FiOS speed 10 months later, better than ever.

I switched to FiOS in December, 2009, and I was pretty apprehensive, having been a Cablevision customer for many years. I really had no problem with Cablevision’s service, I just thought their pricing was much too high in the face of the new competition (and deals) Verizon was offering. I ended up going with Verizon due to their awesome deal, but now it’s almost a year later and I can’t imagine going back to Optimum. It’ll probably come down to price when the current promo pricing I have with Verizon ends, but if the price was equal then no contest – I’d stick with FiOS.

The bright side of Compellent

Since I was bemoaning Compellent’s pricing recently I figured it would be unfair of me not to highlight the upside. Their tagline is (or was when we purchased it) “The only SAN so sophisticated it’s simple.” While I can’t say whether they’re the ONLY one, the idea is definitely true. This is the first SAN I’ve ever used, and aside from the learning curve for iSCSI itself (targets, spinup delay, etc.) it’s totally simple and intuitive. Create LUNs, map them to servers. Don’t worry about things like RAID levels or hot disks. We’re into our second year with Compellent and it’s definitely lived up to its promise of simplicity.

I don’t know how much management the average SAN requires but our sales rep recently asked me how much time per week we spend managing the SAN. I crinkled my brow, because I don’t really spend any time managing the SAN. I’ve logged in to the web interface a lot more over the past few weeks than I normally do because the SAN filled up quickly due to our experimentation with Hadoop, and I wanted to make sure we didn’t get to 100% before I was able to order more disks. But aside from that incident I think the only times I’ve logged in to the management console have been to add a LUN or map a datastore to a new ESX host.

I was reminded about this simplicity when we finally added the disks last week. We went to the datacenter Wednesday to move some servers around in the racks to ensure there would be enough power in the SAN rack for the new enclosure (16x 2TB disks). We also updated a firmware update for the SAN (required so it would recognize the new 2TB drives). We have redundant controllers, so we were told there shouldn’t be any downtime. I don’t tend to trust those types of statements – if someone says something will be down for an hour I budget for 4. If it’s 8 hours I budget for a day. If it’s zero I just think they’re lying and it’s going to explode and kill people.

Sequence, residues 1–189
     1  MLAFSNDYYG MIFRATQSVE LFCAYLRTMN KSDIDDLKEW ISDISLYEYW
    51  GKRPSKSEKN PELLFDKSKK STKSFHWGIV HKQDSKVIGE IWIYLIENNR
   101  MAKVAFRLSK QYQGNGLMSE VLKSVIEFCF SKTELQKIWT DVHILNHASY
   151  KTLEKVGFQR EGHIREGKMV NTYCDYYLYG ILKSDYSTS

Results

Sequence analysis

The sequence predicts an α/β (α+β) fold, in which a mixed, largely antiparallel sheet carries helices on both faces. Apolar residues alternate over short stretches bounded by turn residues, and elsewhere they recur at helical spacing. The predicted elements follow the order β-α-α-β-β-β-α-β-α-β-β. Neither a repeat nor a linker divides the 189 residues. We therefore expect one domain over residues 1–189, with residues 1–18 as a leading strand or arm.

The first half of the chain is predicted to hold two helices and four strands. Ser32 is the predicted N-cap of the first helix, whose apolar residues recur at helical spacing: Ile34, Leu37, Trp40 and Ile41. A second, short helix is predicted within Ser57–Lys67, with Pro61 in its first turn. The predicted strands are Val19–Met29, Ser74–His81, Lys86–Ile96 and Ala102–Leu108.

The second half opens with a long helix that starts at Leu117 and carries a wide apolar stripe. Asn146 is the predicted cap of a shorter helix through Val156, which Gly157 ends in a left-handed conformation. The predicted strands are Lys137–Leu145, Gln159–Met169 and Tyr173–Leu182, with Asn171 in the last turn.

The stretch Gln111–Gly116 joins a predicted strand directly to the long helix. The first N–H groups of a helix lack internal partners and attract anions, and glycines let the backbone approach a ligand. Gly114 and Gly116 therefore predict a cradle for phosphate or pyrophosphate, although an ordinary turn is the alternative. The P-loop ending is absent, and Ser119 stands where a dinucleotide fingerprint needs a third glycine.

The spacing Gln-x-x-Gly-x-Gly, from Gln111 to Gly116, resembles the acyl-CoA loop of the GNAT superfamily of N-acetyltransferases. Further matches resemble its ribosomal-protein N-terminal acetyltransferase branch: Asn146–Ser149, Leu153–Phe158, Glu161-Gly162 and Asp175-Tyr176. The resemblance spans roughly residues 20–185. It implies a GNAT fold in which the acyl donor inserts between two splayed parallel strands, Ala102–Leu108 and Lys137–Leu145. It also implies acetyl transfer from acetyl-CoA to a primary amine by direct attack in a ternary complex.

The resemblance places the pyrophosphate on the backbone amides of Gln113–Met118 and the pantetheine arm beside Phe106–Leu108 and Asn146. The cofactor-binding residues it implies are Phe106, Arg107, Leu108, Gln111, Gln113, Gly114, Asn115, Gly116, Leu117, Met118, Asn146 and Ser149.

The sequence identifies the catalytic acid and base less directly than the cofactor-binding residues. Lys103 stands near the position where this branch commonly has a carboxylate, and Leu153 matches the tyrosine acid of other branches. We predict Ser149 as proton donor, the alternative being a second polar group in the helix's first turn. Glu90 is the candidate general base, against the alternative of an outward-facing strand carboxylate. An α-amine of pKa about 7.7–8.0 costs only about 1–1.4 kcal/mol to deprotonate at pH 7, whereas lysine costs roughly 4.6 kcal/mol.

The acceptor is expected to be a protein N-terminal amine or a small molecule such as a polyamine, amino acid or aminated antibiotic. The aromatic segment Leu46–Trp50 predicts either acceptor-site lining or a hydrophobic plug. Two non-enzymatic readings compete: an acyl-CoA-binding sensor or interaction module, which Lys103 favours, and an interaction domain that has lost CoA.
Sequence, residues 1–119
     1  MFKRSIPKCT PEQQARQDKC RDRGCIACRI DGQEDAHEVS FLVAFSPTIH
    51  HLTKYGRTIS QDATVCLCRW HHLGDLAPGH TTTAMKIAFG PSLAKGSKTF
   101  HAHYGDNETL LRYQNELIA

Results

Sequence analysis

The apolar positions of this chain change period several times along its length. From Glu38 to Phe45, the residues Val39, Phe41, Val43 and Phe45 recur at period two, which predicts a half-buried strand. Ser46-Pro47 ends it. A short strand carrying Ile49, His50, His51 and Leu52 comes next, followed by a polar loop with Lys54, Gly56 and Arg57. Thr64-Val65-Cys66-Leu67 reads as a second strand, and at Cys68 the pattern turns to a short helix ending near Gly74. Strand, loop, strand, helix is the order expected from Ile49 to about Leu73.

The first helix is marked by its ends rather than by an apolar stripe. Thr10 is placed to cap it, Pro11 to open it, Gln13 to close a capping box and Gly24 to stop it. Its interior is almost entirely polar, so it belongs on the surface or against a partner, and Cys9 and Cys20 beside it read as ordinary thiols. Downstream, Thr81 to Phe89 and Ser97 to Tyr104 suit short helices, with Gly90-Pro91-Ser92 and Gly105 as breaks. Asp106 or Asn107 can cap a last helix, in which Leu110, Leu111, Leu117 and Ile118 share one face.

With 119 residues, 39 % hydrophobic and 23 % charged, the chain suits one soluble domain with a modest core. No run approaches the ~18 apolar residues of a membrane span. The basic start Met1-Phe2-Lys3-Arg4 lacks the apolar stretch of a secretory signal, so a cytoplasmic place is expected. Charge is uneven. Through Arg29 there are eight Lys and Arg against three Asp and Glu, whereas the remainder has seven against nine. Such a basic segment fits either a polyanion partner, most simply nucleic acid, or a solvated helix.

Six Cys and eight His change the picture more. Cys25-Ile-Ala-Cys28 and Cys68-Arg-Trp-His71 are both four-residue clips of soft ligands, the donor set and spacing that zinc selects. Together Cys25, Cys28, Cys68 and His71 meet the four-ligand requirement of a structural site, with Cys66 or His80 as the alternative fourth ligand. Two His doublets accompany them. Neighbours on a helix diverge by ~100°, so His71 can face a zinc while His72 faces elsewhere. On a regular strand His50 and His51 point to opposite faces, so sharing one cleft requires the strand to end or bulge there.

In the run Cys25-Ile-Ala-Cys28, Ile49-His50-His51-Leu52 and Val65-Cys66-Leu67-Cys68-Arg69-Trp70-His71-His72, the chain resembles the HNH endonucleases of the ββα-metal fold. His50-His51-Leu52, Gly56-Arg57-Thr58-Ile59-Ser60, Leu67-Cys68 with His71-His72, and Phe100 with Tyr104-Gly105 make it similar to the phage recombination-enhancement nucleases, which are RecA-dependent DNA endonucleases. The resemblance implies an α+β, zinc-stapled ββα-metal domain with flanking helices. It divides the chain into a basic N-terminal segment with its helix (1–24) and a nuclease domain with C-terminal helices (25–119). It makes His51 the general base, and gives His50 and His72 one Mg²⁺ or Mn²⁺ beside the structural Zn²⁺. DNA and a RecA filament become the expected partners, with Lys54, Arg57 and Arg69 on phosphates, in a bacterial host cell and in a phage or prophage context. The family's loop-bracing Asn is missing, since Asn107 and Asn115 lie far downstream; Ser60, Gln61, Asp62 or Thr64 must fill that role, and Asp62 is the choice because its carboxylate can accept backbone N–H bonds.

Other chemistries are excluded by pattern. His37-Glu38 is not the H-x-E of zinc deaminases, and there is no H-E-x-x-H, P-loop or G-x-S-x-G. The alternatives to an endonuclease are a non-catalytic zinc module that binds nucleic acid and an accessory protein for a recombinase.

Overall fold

So all things considered I was rather impressed. We have dual controllers, so the update was installed on one controller first, and that controller rebooted. When it rebooted, the iSCSI traffic did actually fail over properly to the secondary controller. This wasn’t completely flawless – the console on some of the machines showed some iSCSI errors, but the machines seemed to be working fine (I rebooted them just to be safe). A couple of the VMs (whose data/swap drives are all on the SAN) barfed and had to be rebooted – I think our Jabber server was the only casualty, but that was back up in under a minute. When the second controller updated itself, its traffic failed back over to the first one. When it was all done (took about 30 mins total) there was a warning about the ports being unbalanced, which was rectified by clicking the “rebalance ports” button. So all in all, I’d say there was “pretty much” no downtime. After the update, we racked the new enclosure and called it a day.

This week a tech from Compellent came onsite to do the actual install for the enclosure (hooking up the fibre loops and installing the new license). This was really zero downtime. I got some alerts that one of the loops was down, but it didn’t affect anything. Pop the disks in, wire it up, install license, and we’ve got another 32 TB usable space. It’s been over a day and the data is in the process of moving from our tier 1 (32x 15krpm FC disks) down to tier 3 (SATA). All in all it was a pretty painless procedure. Sure, it would have been easier had we not had to do the firmware update, but I guess when a new type of drive is introduced that’s to be expected.

So in conclusion, I guess this just reinforces my theory that the only bad thing about Compellent is the price. And if that’s the worst thing someone can say about your product, that’s probably a pretty good place to be.